Bottomline. Take the time to get it done professionally. This way you can be certain that you’ve taken steps to protect your family down the road.
WHAT should your estate plan include?
Everyone should have an estate plan, including the following documents and directives:
- Health Care Power of Attorney
- Financial Power of Attorney
- Living Will
A Will, allows you to choose how you wish your property, including, homes, money, cars, financial investments account and other valuable property to be distributed. A Will, allows you to choose the person you want to serve as guardian and trustee for your children. A Will, allows you to make special gifts, minimize tax expenses and make special provisions for family members or friends.
Health Care and Financial Powers of Attorney protect you and your family while you are alive. If you are ever unable to conduct your own health care and/or financial affairs, through these documents, you can elect someone to step into your shoes. No one can predict when a medical emergency will occur, or when you will need someone to step in, to pay your bills, pay your taxes, take over your business and investments. Choose someone who will represent your best interests and be willing and able to make medical decisions on your behalf.
Do I need to make changes to my estate plan?
You should update your Will in the following cases:
- An increase in the value of your assets
- The birth or death of a beneficiary
- A marriage or divorce
- A change in estate or tax laws
- A change in your wishes for distribution of property, executor, trustee or guardian.
Being organized is not just about organizing your home, office, closets, and photos, it is about protecting yourself and your loved ones. Planning ahead and taking action when it comes to proper estate planning will provide you & your family with tremendous peace of mind.
Make this the year that you cross this off your to do list!
About Carrie Kauffman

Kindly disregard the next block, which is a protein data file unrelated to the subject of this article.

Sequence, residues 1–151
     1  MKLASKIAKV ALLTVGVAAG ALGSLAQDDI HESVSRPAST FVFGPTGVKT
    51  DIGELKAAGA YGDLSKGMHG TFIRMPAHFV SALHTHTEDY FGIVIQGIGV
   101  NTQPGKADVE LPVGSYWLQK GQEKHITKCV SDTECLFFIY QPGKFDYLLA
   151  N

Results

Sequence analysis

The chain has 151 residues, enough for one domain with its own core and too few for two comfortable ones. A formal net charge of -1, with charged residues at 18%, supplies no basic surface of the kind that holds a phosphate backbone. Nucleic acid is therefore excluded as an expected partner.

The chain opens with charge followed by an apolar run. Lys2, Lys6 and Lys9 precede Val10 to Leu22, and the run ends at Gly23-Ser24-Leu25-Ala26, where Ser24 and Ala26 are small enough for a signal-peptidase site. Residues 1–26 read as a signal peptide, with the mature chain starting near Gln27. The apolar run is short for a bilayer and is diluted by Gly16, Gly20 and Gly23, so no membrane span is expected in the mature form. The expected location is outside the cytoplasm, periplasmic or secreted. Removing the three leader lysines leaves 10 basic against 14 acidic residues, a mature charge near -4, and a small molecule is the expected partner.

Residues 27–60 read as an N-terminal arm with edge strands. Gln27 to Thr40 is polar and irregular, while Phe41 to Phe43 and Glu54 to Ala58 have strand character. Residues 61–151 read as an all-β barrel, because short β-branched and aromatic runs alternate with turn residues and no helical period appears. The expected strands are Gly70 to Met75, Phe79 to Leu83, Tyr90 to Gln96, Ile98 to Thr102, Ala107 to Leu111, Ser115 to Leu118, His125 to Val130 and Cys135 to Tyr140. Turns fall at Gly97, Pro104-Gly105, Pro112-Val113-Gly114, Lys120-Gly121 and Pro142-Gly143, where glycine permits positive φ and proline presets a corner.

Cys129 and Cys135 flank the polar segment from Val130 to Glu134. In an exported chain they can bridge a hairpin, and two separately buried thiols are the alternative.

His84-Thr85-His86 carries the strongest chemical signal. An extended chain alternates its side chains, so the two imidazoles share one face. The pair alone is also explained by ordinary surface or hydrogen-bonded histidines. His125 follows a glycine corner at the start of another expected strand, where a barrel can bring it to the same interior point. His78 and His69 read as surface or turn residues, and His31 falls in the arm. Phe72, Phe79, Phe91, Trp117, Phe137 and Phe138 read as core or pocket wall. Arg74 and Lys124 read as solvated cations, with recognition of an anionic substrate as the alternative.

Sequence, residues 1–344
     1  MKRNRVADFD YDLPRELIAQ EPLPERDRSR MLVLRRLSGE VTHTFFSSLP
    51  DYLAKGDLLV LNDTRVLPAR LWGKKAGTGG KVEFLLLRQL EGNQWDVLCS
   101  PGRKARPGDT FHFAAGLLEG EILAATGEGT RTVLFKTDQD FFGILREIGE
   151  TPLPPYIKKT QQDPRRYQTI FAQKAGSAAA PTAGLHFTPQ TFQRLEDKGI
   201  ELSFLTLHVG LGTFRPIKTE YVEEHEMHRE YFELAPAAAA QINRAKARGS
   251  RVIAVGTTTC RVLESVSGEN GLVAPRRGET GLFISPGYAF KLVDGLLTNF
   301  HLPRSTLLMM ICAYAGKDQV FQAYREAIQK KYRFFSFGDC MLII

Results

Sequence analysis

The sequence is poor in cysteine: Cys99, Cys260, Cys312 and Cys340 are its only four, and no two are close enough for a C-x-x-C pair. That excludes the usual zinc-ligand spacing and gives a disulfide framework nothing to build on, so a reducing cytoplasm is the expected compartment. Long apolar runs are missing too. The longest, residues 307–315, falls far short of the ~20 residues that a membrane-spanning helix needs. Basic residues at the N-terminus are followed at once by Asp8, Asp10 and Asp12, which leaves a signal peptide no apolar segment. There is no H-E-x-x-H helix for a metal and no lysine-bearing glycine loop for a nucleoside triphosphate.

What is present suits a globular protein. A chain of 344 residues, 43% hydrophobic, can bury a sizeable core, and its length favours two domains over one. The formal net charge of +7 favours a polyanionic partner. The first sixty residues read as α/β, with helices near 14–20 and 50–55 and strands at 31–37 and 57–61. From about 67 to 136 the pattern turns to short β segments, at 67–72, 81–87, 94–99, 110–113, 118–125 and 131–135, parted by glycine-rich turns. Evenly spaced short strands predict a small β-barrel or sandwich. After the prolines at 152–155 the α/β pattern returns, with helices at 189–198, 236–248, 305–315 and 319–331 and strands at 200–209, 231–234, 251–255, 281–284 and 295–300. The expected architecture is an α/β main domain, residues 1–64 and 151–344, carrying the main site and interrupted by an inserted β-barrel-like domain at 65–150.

Carrie Kauffman is an award winning professional organizer, member of the National Association of Productivity and Organizing Professionals, Greater Philadelphia Chapter (NAPO-GPC) and owner of Carrie’s Essential Services, LLC. Carrie Kauffman provides organizing services, in homes & offices, on the Main Line and surrounding communities. Carrie’s Essential Services specializes in moving & packing, preparing homes for sale, office setup including filing systems as well as general organizing & de-cluttering.
About Heather Turner
Attorney Heather L. Turner brings experience, passion, and a community focus to her work at the Law Office of Heather L. Turner, LLC. Heather founded her firm to serve the needs of families looking for peace of mind with estate planning.Heather received her law degree from Widener University School of Law and also earned a master’s in education from Drexel University. Heather has a deep knowledge of estate planning, administration, and probate and has worked alongside a seasoned and well-respected estates attorney for several years. Heather is licensed to practice law in Pennsylvania and handle cases in Montgomery, Delaware, Chester, and Philadelphia counties. For any questions about estate planning please contact Heather L. Turner, Esq., at 610-761-6363 or email firstname.lastname@example.org visit her website at www.heatherturnerlaw.com